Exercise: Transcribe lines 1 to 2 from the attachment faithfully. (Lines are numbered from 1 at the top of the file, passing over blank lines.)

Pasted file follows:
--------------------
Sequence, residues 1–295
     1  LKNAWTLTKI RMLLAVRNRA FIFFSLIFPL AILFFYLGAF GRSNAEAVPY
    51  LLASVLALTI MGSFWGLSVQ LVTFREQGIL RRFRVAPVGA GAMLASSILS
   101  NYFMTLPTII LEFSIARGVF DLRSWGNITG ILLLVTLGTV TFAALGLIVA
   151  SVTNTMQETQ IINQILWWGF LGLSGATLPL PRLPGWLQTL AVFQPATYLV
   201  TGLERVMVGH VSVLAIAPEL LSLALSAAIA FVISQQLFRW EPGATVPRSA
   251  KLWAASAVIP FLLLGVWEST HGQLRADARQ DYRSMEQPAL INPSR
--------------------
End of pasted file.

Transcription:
Sequence, residues 1–295
     1  LKNAWTLTKI RMLLAVRNRA FIFFSLIFPL AILFFYLGAF GRSNAEAVPY